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News 20 Nov 14

Macedonia Students Defy State-Run Exams

Macedonian students say they will stage more mass protests if the education ministry does not scrap plans for graduates to take external state-supervised exams.

Sinisa Jakov Marusic and Meri Jordanovska
BIRN
Skopje

 

Monday's student protests in Skopje | Photo by: Sinisa Jakov Marusic

Students who organized a mass march on Monday against government-proposed “state exams” - a form of state supervised external test conducted by the education ministry - say they are ready to take the streets again if the ministry fails to hear their cry.

“The ministry must reconsider the need for introducing such exams, not discuss different ways to implement them. If not, we will stage more protests,” Darko Malinovski, from the student’s movement Student’s Plenum, which organized Monday’s protest, said.

More than 2,000 students, mainly from the state-run Sts Cyril and Methodius University in Skopje, held a protest march on Monday against announced amendments to the Law on Higher Education. They said the amendments were unconstitutional and threatened the universities' autonomy.

The students were supported by some of their professors who also appeared on the march.

“The massive attendance greatly exceeded our expectations. This shows there is a critical mass among students and young people in general for change. If we continue to be united as we were, the [education] Minister will have to take our stance into account,” Malinovski told BIRN.

Monday's student protests in Skopje | Photo by: Sinisa Jakov Marusic

The proposed amendments to the Law on Higher Education envisage all students enrolled at faculties taking a "state exam" before they complete their studies. 

Prime Minister Nikola Gruevski earlier this month defended the plan, saying it was needed to improve the quality of education.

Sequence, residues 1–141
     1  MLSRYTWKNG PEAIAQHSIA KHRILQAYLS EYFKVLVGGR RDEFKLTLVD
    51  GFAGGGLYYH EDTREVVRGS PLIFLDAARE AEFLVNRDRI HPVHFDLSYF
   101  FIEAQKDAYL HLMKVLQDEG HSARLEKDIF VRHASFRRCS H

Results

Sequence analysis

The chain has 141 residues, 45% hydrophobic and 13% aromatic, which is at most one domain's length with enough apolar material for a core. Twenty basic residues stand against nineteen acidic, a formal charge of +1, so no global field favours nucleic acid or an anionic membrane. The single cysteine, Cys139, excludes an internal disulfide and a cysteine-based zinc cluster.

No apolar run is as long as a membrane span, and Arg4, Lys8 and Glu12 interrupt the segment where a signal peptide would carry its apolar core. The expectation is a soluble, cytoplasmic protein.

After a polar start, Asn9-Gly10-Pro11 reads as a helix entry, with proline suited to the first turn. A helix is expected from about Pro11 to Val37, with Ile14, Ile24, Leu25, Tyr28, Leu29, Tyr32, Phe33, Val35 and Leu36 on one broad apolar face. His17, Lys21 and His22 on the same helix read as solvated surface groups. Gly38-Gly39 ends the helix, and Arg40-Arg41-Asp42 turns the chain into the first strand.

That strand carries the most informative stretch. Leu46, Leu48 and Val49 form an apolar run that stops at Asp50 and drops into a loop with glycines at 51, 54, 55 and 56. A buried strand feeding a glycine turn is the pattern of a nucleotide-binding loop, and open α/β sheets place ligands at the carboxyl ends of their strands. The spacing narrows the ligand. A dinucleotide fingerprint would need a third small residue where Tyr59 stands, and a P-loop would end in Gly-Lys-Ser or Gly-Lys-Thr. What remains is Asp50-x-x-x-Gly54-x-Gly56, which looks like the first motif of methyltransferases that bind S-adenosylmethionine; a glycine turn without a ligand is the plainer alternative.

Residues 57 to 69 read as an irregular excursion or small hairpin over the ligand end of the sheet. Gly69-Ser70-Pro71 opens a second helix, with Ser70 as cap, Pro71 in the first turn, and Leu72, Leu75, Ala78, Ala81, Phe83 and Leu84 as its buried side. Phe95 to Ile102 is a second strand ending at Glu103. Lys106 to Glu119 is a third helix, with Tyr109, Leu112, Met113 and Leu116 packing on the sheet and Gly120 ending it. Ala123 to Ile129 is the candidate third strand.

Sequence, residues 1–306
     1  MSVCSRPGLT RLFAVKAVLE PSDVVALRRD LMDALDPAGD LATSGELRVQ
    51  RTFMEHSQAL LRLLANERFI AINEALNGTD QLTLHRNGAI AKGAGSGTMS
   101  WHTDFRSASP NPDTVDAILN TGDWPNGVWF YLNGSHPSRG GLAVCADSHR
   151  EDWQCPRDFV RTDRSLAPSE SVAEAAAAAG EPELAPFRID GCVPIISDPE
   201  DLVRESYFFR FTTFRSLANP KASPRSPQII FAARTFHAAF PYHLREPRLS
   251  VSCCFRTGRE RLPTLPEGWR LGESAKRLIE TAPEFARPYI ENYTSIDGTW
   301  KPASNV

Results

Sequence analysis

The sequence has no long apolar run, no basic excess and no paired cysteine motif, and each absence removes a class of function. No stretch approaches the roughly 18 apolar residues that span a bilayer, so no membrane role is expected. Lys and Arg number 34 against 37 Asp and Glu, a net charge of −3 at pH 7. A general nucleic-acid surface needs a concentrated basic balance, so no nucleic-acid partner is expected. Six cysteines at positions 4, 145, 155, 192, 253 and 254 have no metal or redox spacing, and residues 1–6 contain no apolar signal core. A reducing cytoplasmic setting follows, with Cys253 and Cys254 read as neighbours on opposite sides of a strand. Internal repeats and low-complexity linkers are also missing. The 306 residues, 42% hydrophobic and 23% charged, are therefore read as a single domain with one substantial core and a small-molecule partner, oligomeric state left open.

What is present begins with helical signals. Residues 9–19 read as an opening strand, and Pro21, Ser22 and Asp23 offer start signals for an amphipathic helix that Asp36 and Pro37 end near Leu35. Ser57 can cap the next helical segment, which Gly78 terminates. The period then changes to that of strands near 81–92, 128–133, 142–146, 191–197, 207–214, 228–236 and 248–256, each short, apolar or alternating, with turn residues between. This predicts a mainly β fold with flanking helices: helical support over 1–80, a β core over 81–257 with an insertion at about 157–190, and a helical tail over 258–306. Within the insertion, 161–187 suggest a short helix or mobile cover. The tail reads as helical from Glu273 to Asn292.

In addition, the proposed amendments envisage that if the student fails to pass the exam twice, he or she will lose his right to study.

This will “limit the right to education, guaranteed by the constitution under article 44,” the Student’s Plenum wrote in their letter to the Education Minister, Abdulakim Ademi.

This is a “direct breach of university autonomy guaranteed in article 46 of the constitution”, done by “revoking and discrediting the ability of the educational institutions to determine grading methodologies on their own”, they wrote.

At a press conference on Tuesday, Ademi seemed to retreat from his earlier hard-line stance, saying the ministry would reach its final decision in mid-December.

Monday's student protests in Skopje | Photo by: Sinisa Jakov Marusic

“I am more inclined towards external testing but this does not depend solely on me,” Ademi said, adding that the opinions of universities, students as well as government education policies would play a role.

“If we opt for external testing, it must be done without curbing university autonomy, without endangering the Bologna Process and without additionally burdening universities and students,” Ademi told the press conference.

Previously, the Education Minister said the student protests were not authentic and had been stage-managed by political opposition parties.

 “We are a completely authentic student movement that emerged from the passive student organizations that are in political hands. Although we welcome support from all sides, our coordinators must have no political party activities whatsoever,” another activist from the Students Plenum, Vladimir Belov, told BIRN.

The Dean of the Skopje Faculty of Economy,  Ljubomir Drakulevski told BIRN that he knew of no country where such external testing was done.

“We cooperate with many faculties and have never before encountered a country that applies external testing. That’s why I cannot comment on something that objectively speaking, I have no knowledge of,” Drakulevski said.

Monday's student protests in Skopje | Photo by: Sinisa Jakov Marusic

Drakulevski said that “the Education Ministry does not have a clear policy concerning what it wants from higher education”.

The dean of the Skopje Faculty of Philosophy, Goran Ajdinski, said he was awaiting an official letter from the ministry regarding the announced change.

“We are all waiting for a letter in order to resolve this situation. We want to find the best solution that would benefit higher education and the students. We are constantly communicating with the university rectorate and with the students and we want an open debate on this issue,” Ajdinski told BIRN.

BIRN contacted three more deans from the Skopje state university but they declined to give public statements.

“We have decided not to give statements without approval of the rectorate. It would be best if all communication with the media went through the head of Sts Cyril and Methodius University,” these faculty heads replied.

 

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